The perspective that Thompson offers is like a lightning bolt, it thrusts something important, but often forgotten, to the center of consciousness. From the perspective of Thompson, and the active, on-the-ground anti-fascist movement of which he is a part, it’s all about conflict, because theirs is a struggle in a real and visceral sense, one that is violent in nature in response to violence against the marginalized. For liberals, conservatives, vulgar libertarians (as opposed to radical, socialist ones), and apparently for people like Rhyd Wildermuth too, this is all just a conversation of ideas and opinions that can be hashed out intellectually. That’s in stark contrast to the anti-fascists fighting on the streets: for them, this is war.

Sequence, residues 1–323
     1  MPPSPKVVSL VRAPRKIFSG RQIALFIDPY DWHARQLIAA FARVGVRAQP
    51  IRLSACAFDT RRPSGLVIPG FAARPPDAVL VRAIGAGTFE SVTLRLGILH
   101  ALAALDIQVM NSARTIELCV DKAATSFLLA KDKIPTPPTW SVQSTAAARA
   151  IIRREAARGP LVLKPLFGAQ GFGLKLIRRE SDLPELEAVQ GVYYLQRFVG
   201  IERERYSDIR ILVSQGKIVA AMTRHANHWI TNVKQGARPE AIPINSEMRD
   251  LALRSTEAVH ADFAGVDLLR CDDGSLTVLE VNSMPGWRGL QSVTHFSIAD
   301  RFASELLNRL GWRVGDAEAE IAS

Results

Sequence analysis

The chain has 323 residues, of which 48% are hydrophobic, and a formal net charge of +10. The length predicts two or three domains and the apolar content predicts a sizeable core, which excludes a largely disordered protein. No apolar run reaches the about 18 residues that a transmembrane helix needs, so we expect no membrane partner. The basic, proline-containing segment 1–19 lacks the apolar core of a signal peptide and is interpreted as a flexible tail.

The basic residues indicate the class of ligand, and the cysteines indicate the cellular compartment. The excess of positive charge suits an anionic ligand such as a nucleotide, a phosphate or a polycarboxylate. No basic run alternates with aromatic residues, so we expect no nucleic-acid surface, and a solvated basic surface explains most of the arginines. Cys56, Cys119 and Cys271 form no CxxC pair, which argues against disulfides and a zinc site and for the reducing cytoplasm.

Struggle, conflict, war, these are things that are lost to people who live in comfort and abstraction. Rhyd Wildermuth lives in the Ardennes, far away from anything happening in the United States that was once his home. Angie, his friend, is a middle class online socialite from London. Her friend, Aimee Terese is the rich daughter of a Lebanese capitalist living all the way in Australia, all the while doing nothing but incoherently rambling about the politics of a land whose people she has no real connection to. There’s all sorts of people who live, if not in comfort, then certainly in isolation from the struggle that persists at the center of the present. But if you live in relative security, comfort, alienation from struggle, it’s easy to think what you do about people who actually live in struggle and conflict, and make it their business to claw their way out rather than try to talk their way out of everything forever. And sometimes, just as is the case for the bourgeoisie, if you have comfort you’ll stoop to anything to protect it, even becoming a grotesque reactionary. I once met a guy who lived in the happiest country in the world and for him everything was about how to win debates and resolve the issues of “wokeness” to make socialism electable. The last time I saw him, he had fully embraced white nationalism. That’s what becomes of these people, because the truth is, if they’re not trying to hold on to their pre-existing biases, they have no skin in the game, and have no respect for those who do have skin in the game. Besides, all they like to do is get offended about everything and then complain about their rivals supposedly being like that. That is weakness.